You are on page 1of 3

Good evening.

I am here in four capacities:

1. Honorary Consul of Bulgaria to NY

2. Member of the Board of Governors of AJC

3. My husband is a member of the Board of TTS

4. Most important, mother of our daughter born in Bulgaria—by learning about
Remi’s country of birth, I fell in love with Bulgaria and its people.

I’ve been asked to briefly discuss Bulgaria’s heroic rescue of all of its

48,000 Jewish citizens during World War II. It is a story that is too little
known—even by those knowledgeable in Holocaust history. So, I hope that those
here who do know the history will indulge me if I recount it in my own way.

The broad contours of the story are clear: Despite enormous pressure from the
Nazis, none of Bulgaria’s 48,000 Jews were sent to the death camps of Poland. All
survived. While many details of the story are disputed, there can be no doubt
that the bravery and the goodness of the Bulgarian people were responsible for
this extraordinary result.

For me, the story begins after the Balkan Wars and World War I, as a result of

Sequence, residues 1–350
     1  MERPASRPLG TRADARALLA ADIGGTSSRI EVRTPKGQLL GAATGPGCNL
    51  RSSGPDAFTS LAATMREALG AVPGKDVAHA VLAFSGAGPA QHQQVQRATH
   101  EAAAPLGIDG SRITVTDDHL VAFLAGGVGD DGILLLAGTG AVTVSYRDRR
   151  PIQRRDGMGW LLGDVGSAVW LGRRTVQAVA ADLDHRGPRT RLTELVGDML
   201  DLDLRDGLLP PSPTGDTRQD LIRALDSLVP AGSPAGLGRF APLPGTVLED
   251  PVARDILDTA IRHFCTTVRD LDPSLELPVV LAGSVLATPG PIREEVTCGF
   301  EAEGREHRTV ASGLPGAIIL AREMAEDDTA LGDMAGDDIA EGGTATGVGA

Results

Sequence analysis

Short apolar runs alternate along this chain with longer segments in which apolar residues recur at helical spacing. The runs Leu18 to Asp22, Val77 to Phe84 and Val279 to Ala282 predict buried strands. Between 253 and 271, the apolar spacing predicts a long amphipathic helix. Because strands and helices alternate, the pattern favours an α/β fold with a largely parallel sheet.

which Bulgaria lost its province of Dobrudja to Romania and its provinces of
Thrace and Macedonia to Greece. This was a huge blow to Bulgaria’s concept of
nationhood, one not easily forgotten. So when, in 1940, Hitler gave Bulgaria’s
King Boris the ultimatum of either being conquered by German forces, or of
becoming allied with the Nazis, and very possibly having those provinces returned
to Bulgaria, Boris was left with little choice and agreed to ally with Germany.

The Bulgarians initially embraced this arrangement. Hitler immediately agreed to
return the province of Dobrudja to Bulgaria. And, after Bulgaria officially
joined the Axis coalition in 1941, Bulgaria was promised Thrace and Macedonia at
the end of the war. In the meantime, Bulgaria was given administrative control
over those provinces. Most Bulgarians were enormously pleased with these events
and hailed Boris as the Unifier King.

But, as we all know, the Nazis had an agenda wholly apart from its goals of
conquest—the elimination of the Jews, certainly at least in all territories allied